The amazing thing about the number 6

What's the saddest thing about being a mathematician?  Seeing worlds of soul-shattering beauty - but being unable to share this beauty with most people.

I actually used to have dreams about this.  In my dream, I would be hiking with friends.  Then, in the distance, I'd see some beautiful snow-capped mountains.  They were surreal, astoundingly tall - and not even very far away!   I wanted nothing more than to run over and start exploring them. 

But my friends weren't interested.  I had to either persuade them to go with me, stay with them and leave the beautiful mountains unexplored - or leave them and go climbing all alone.

At this point I'd always wake up, stuck in the dilemma.

Maybe this explains why I spend a lot of time explaining math here on G+.  The sad part is: you can take a lot of people a short distance toward the beautiful mountain peaks... or take a few people all the way up into the peaks.  You can't get everyone up to the top.

For example, I know the picture in this post is too complicated, and not flashy enough, for most people to enjoy.  But to me it's more beautiful than other pictures that will get a lot more +1s.

Any sort of mathematical gadget has a symmetry group.  The simplest sort of gadget is a finite set, like this:

{1,2,3,4}

The symmetries of a finite set are called permutations: they're the ways of rearranging its elements.   Here's a permutation of the set {1,2,3,4}:

1 |→ 4
2 |→ 1
3 |→ 3
4 |→ 2

The permutations form a 'group'.  This means we can 'multiply' two permutations, say f and g, by doing first f, and then g - and the result is another permutation, called fg.   Also, for every way of permuting things, there's some other permutation that undoes it.  For my example, this is

4 |→ 1
1 |→ 2
3 |→ 3
2 |→ 4

So, the permutations of a set form a group, called the permutation group of that set.

Now, I said every mathematical gadget has a symmetry group.  This is also is also true for permutation groups!   What's a symmetry of a permutation group?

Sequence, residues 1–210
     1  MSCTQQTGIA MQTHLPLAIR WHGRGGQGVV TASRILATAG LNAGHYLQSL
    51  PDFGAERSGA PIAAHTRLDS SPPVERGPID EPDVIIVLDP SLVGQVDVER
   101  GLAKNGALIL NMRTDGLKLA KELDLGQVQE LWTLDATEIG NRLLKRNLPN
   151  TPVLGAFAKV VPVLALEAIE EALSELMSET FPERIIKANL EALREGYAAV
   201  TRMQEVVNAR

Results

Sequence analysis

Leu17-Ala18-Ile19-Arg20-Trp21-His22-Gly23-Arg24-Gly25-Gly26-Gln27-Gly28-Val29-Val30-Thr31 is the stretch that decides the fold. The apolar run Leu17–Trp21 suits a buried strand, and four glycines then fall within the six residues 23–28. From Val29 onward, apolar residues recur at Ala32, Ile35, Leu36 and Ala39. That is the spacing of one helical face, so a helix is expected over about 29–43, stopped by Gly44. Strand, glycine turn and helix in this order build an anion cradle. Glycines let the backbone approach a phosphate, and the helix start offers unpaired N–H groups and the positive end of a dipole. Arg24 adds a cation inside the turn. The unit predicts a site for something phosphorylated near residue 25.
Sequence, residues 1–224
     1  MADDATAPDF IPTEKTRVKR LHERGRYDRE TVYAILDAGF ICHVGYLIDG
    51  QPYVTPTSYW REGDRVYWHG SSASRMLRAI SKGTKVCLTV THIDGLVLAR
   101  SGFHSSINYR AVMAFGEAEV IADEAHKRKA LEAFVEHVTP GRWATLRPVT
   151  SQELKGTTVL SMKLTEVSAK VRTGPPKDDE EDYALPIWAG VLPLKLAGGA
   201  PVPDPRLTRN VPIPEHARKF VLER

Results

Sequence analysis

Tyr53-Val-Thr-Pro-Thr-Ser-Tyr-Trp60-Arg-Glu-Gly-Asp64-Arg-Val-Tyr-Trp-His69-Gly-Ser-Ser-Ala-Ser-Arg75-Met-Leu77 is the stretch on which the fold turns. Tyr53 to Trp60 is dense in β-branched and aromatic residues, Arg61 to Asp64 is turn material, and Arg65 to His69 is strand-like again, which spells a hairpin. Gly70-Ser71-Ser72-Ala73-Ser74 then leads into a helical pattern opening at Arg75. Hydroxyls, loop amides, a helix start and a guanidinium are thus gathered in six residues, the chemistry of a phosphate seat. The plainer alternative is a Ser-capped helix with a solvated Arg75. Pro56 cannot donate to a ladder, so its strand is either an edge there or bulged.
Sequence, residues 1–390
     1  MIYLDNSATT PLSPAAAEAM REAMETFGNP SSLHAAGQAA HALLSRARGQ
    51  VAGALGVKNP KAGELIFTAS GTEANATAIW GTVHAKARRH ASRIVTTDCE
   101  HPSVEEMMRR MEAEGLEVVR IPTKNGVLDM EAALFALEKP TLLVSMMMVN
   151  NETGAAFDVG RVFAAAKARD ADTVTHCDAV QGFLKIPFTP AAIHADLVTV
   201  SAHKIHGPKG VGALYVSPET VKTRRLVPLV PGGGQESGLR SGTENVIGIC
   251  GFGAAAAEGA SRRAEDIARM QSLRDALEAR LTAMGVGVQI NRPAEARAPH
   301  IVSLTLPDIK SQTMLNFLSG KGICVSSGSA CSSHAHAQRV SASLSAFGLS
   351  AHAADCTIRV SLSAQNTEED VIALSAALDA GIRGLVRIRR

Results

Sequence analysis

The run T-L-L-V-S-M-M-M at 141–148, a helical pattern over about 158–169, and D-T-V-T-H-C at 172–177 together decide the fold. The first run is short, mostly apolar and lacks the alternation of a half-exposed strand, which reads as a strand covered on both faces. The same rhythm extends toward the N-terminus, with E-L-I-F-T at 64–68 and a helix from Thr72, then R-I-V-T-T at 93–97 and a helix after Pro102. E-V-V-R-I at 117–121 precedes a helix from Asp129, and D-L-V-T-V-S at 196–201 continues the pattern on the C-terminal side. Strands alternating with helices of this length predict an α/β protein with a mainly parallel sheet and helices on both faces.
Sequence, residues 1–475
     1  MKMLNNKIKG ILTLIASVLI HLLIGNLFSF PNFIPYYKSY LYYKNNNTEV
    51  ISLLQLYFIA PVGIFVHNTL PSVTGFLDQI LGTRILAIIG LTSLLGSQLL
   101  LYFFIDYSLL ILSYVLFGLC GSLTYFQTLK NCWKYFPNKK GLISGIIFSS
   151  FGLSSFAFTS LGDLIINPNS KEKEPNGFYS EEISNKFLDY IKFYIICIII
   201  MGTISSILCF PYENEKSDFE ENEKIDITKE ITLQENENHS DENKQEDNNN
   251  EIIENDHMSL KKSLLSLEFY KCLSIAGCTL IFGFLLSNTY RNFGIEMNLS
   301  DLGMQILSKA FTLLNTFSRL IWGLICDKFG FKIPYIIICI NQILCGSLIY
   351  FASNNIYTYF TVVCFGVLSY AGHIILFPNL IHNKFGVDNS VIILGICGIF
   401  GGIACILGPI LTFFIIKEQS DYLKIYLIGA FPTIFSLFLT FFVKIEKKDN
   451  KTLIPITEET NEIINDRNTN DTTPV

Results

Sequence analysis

(This is where I may lose you.  This is where it gets interesting.  This is where I can see the mountain peaks and want to start climbing.)

A symmetry of a permutation group is a way of sending each permutation f to a new permutation F(f), obeying

F(f) F(g) = F(fg)

So, it's a way of permuting permutations - a way that is compatible with multiplying them. 

How do we get such a thing?  We can get it from a permutation of our set.  Any permutation lets us take any other permutation, and permute the numbers in the description of that permutation, and get a new permutation.  And that turns out to work!

Now for the cool part.  Every symmetry of the permutation group of the set {1,2,3,4} actually arises this way.

And this is also true for {1,2}, and {1,2,3}, and {1,2,3,4,5}, and so on.  In every case, all symmetries of the permutation group of the set come from permutations of the set.

Except for the exception.  The only exception is the number 6.

There are symmetries of the permutation group of the set {1,2,3,4,5,6} that don't come from permutations of this set! 

To understand this, you need to ponder the picture here, drawn by Greg Egan.

If you look carefully, there are 15 red dots and 15 blue ones.  Each red dot has a pair of the numbers 1,2,3,4,5,6 in it.  There are 15 ways to choose such a pair.  Each blue dot has all 6 numbers in it, partitioned into 3 pairs.  There are 15 ways to do this, too.  We draw an edge from a red dot to a blue dot if the pair of numbers in the red dot is one of the pairs in the blue dot. 

The resulting picture has a symmetry that switches the red dots and the blue dots!  And this symmetry is - somehow or other - the symmetry of the permutation group of {1,2,3,4,5,6} that's not a permutation of {1,2,3,4,5,6}.

"Somehow or other"?  That's not a very good explanation!  I've only shown that there's something special about the number 6, which gives a surprising symmetry.  It takes more work to see how this does the job.

For the full explanation, try my blog article:

http://blogs.ams.org/visualinsight/2015/08/15/tutte-coxeter-graph/

The trail gets a bit steeper at this point... but the view is great.

You may be wondering: So, what's this all good for?

And the answer is: nobody knows yet.  But this amazing fact about the number 6 is connected to many other amazing things in mathematics, like the group E8 and the Leech lattice, both of which show up in string theory.  I don't know if string theory is on the right track.  But I hope that someday, when we understand the universe better than we do now, these mysterious and beautiful mathematical structures will turn out to be important - not just curiosities, but part of why things are the way they are.

That is my hope, anyway.  So, I'm glad we have some people thinking about these things.  And besides, they're beautiful.

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